In episode 15 of How To Citizen with Baratunde, we were fortunate to have Dr. Michael Osterholm as our guest, and his counsel is much needed now. I urge you to listen to his calls for a pandemic of kindness, especially during the terrible weeks ahead.
And in Episode 16, our final episode of the first season, I sought relationship advice from world-renown relationship therapist Esther Perel. It wasn’t my romantic relationship I asked her about, but instead the broken and frayed relationships resulting from this tumultuous political culture in the United States. Many of us have loved ones living in a fantasy land of right wing extremism, COVID denialism, or both. They are parts of us, and I spoke with Esther about how to engage while preserving ourselves. In many ways it’s the perfect cap on a season that opened with Valarie Kaur reminding us to love our opponents, others, and ourselves.
I don’t often use a heavy hand in recommending my podcast, but today I urge you to listen to both these episodes. I guarantee they will help you move forward. Because we gotta move.
And now, for your regularly-scheduled content:
Past is not prologue, but it can serve as a warning. We have millions of Americans invested in a false world, and we need to find a way to defuse this situation before it blows up in our faces even more than it already has.
Thanks, Elizabeth for this one. A very thoughtful assessment of screen time, social media, and more digital activities that usually lead to excruciating hand-wringing by pundits. In this piece, you’ll find nuance, analysis, and maybe even hope.
Meghan, the Duchess of Sussex has delivered a simple and beautiful piece of prose in writing about her miscarriage. So many of us carry traumas that eat away at us in part because we believe we are alone in the experience. This was the case with so many stories from #MeToo to #YouOkSis to #BlackLivesMatter. Read this one slowly, and ask someone else, “Are you ok?”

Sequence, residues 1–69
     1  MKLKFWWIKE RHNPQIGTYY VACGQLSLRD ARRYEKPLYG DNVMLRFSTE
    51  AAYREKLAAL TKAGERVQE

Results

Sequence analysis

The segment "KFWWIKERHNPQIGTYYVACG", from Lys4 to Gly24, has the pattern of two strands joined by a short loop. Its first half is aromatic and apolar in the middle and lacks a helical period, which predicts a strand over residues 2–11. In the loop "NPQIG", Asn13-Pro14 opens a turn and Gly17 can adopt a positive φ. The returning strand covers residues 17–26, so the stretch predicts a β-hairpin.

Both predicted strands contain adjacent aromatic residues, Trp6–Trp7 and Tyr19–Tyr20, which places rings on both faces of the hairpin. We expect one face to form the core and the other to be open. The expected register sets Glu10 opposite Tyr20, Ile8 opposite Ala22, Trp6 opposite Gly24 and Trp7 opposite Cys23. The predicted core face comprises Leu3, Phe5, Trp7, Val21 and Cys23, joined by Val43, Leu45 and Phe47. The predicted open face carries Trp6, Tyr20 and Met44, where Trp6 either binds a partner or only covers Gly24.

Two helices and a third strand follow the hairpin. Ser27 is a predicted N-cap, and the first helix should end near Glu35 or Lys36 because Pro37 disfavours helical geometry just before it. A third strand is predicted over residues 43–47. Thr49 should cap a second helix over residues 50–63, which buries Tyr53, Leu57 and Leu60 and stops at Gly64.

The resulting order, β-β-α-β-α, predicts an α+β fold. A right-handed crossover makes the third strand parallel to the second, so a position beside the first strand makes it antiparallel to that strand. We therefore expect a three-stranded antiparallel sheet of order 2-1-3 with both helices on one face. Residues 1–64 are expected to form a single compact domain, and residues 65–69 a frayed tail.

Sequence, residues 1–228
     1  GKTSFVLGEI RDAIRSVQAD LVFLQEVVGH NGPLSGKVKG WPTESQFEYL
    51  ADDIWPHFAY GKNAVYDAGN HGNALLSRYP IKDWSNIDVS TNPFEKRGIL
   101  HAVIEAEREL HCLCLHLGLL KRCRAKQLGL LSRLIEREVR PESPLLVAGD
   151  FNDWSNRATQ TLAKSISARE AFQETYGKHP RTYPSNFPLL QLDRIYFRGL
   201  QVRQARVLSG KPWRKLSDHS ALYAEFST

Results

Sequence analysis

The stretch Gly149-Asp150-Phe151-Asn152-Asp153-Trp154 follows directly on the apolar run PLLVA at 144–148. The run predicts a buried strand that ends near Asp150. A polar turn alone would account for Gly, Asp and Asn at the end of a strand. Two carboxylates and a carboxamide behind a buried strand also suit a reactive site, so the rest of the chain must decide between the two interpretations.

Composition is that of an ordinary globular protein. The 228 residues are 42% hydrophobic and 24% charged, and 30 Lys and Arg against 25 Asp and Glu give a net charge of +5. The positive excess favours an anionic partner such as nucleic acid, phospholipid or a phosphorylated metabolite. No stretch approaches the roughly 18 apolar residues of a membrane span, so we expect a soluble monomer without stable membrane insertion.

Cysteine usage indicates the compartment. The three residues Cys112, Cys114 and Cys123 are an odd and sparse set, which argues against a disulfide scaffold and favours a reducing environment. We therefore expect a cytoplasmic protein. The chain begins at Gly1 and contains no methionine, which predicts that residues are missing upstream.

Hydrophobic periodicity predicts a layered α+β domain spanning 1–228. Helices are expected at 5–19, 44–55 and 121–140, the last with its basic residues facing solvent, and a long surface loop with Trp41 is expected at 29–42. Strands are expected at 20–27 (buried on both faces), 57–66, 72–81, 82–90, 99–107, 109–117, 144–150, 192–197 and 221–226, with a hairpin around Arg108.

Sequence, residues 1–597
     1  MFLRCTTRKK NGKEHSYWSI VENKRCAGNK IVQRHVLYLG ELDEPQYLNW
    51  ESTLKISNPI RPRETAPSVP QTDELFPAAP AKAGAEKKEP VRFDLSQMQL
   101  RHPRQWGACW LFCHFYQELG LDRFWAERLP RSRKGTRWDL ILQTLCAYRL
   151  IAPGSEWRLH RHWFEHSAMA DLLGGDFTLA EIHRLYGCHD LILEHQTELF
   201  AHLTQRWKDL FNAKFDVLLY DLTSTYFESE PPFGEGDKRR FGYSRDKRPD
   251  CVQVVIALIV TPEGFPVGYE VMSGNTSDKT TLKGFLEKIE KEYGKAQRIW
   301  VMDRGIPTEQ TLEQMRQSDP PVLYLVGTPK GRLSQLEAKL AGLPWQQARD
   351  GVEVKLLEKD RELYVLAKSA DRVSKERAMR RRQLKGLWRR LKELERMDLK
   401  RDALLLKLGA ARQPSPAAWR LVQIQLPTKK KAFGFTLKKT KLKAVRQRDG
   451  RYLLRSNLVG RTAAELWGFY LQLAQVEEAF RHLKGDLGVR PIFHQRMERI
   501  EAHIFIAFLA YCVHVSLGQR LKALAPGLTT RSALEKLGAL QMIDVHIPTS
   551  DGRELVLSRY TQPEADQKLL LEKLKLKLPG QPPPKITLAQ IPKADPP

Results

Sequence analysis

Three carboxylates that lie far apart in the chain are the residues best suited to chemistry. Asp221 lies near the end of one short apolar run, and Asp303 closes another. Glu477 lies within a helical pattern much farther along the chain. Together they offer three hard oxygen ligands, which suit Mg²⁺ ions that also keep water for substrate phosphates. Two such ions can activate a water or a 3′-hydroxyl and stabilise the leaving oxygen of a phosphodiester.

Stunning clip representative of a stunning adaptation of a stunning book.
History has consequences. This is a sad but important piece of journalism. For the record, I get my flu shot every year, and look forward to the COVID vaccine when it’s available. In the meantime, my mask collection is growing!
This made me smile.
And now for a small selection of some of my favorite media appearances I’ve made that you might have missed.
On Canada’s CBC podcast, Party Lines shortly after the election was called.
WIth former RNC Chairman Michael Steele. This was an incredibly frank discussion, and if you listen to the end, you’ll hear my completely impromptu inauguration speech I suggested for President-Elect Biden.
On All Things Considered with Audie Cornish (BUCKET LIST ACHIEVEMENT!!) shortly before Election Day.
Here’s a good news story about resilience and creativity in the face of great challenges. Enjoy and share!
I can't get enough of the Top Gun trailers. I want to see this movie!